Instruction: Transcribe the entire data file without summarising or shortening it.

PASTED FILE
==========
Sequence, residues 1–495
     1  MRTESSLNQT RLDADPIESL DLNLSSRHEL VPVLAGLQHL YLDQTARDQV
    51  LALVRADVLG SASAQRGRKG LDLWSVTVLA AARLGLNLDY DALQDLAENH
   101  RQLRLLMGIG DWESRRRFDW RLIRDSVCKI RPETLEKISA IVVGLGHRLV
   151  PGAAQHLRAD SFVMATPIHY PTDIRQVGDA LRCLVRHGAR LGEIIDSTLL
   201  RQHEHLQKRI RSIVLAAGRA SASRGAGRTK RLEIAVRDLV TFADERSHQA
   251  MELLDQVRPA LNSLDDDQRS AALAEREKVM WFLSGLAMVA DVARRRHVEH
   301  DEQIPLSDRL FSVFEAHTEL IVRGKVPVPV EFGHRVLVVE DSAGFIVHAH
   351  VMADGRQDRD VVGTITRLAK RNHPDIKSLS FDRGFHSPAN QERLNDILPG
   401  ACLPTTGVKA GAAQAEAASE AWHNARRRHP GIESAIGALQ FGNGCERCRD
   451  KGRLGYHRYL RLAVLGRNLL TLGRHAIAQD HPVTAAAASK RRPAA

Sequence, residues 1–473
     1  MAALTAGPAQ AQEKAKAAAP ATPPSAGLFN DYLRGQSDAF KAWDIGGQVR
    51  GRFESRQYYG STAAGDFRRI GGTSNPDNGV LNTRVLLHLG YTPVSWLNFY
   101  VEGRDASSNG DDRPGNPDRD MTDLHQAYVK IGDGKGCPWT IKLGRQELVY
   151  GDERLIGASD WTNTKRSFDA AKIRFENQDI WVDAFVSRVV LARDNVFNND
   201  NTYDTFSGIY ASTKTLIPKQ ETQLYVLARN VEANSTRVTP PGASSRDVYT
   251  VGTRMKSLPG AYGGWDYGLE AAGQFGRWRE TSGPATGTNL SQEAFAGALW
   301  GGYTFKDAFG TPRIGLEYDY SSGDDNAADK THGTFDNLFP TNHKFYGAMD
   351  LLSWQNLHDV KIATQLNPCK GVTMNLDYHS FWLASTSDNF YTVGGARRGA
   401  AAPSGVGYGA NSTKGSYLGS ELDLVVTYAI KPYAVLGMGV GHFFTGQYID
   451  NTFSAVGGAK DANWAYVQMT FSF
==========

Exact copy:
Sequence, residues 1–495
     1  MRTESSLNQT RLDADPIESL DLNLSSRHEL VPVLAGLQHL YLDQTARDQV
    51  LALVRADVLG SASAQRGRKG LDLWSVTVLA AARLGLNLDY DALQDLAENH
   101  RQLRLLMGIG DWESRRRFDW RLIRDSVCKI RPETLEKISA IVVGLGHRLV
   151  PGAAQHLRAD SFVMATPIHY PTDIRQVGDA LRCLVRHGAR LGEIIDSTLL
   201  RQHEHLQKRI RSIVLAAGRA SASRGAGRTK RLEIAVRDLV TFADERSHQA
   251  MELLDQVRPA LNSLDDDQRS AALAEREKVM WFLSGLAMVA DVARRRHVEH
   301  DEQIPLSDRL FSVFEAHTEL IVRGKVPVPV EFGHRVLVVE DSAGFIVHAH
   351  VMADGRQDRD VVGTITRLAK RNHPDIKSLS FDRGFHSPAN QERLNDILPG
   401  ACLPTTGVKA GAAQAEAASE AWHNARRRHP GIESAIGALQ FGNGCERCRD
   451  KGRLGYHRYL RLAVLGRNLL TLGRHAIAQD HPVTAAAASK RRPAA

Sequence, residues 1–473
     1  MAALTAGPAQ AQEKAKAAAP ATPPSAGLFN DYLRGQSDAF KAWDIGGQVR
    51  GRFESRQYYG STAAGDFRRI GGTSNPDNGV LNTRVLLHLG YTPVSWLNFY
   101  VEGRDASSNG DDRPGNPDRD MTDLHQAYVK IGDGKGCPWT IKLGRQELVY
   151  GDERLIGASD WTNTKRSFDA AKIRFENQDI WVDAFVSRVV LARDNVFNND
   201  NTYDTFSGIY ASTKTLIPKQ ETQLYVLARN VEANSTRVTP PGASSRDVYT
   251  VGTRMKSLPG AYGGWDYGLE AAGQFGRWRE TSGPATGTNL SQEAFAGALW
   301  GGYTFKDAFG TPRIGLEYDY SSGDDNAADK THGTFDNLFP TNHKFYGAMD
   351  LLSWQNLHDV KIATQLNPCK GVTMNLDYHS FWLASTSDNF YTVGGARRGA
   401  AAPSGVGYGA NSTKGSYLGS ELDLVVTYAI KPYAVLGMGV GHFFTGQYID
   451  NTFSAVGGAK DANWAYVQMT FSF